3. Give it serious real estate.

Amazing stories deserve to be front and center. Far too often startup teams bury their story in their about section or they forget to get it up anywhere at all. They instead over index on selling the product or service on site and forget entirely to spotlight the magic behind it. When it comes to selling today the bar has been raised. Consumers want to feel invested in not just the product but also you and your team. They want to know why you are worth their time and money. Why you?

Related: 6 Steps to Overcoming Stage Fright and Giving a Presentation Everybody Listens To

So take your story and lace it through out your entire website, pull it into your decks and your sale assets. This is when investing in other mediums – videos, podcasts and visuals is worth it. Give your story the best chance possible by putting it at the heart of your collateral. Trust that the magic that compelled you to start this company is worth sharing and will entice others to be invested as well.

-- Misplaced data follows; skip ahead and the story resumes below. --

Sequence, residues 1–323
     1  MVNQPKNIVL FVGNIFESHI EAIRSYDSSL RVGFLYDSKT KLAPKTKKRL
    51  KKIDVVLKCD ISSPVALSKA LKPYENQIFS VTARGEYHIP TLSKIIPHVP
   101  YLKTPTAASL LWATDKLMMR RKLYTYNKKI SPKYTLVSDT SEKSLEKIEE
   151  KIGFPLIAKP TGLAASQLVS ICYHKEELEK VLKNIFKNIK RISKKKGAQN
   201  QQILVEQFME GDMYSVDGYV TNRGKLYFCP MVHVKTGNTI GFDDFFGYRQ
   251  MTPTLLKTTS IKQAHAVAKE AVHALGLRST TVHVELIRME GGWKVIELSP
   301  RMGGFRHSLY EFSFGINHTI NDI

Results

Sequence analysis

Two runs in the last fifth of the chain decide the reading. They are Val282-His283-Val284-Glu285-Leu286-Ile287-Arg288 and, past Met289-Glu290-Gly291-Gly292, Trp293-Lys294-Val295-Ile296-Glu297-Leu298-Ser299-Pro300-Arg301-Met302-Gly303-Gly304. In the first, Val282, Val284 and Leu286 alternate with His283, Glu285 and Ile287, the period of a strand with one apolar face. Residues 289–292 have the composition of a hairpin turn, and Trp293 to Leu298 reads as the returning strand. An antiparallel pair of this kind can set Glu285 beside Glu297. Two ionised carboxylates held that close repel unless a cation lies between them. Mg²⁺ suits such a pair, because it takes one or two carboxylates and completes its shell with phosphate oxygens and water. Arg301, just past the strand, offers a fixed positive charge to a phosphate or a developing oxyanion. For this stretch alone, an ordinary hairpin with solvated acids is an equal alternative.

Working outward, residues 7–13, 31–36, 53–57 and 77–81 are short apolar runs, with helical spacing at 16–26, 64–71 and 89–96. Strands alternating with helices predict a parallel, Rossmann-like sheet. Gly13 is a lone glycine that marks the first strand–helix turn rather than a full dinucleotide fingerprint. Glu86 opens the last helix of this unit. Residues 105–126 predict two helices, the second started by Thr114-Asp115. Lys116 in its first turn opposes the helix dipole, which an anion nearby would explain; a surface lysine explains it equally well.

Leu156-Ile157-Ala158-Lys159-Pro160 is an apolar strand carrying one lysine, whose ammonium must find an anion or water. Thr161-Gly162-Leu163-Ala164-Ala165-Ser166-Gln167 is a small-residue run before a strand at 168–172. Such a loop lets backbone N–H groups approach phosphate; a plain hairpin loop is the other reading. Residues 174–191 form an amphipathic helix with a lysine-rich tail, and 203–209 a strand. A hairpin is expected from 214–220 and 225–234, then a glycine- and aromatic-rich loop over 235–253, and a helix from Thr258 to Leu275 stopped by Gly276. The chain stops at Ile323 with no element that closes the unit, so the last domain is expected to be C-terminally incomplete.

4. Test and validate often.

Testing is often viewed as a luxury reserved for those companies that have already "made it" and have the resources and time to test. Well, that is simply no longer the case. With the plethora of testing software out there it's easy to experiment with headlines and visuals to best determine what is working. The next big excuse comes when founders say they don't have the "time" to test. I disagree. A test can be as simple as switching up your opening line in a coffee meeting, or showing a different visual in that deck you are showing off. The goal is to test into what gets people to stop and say "tell me more."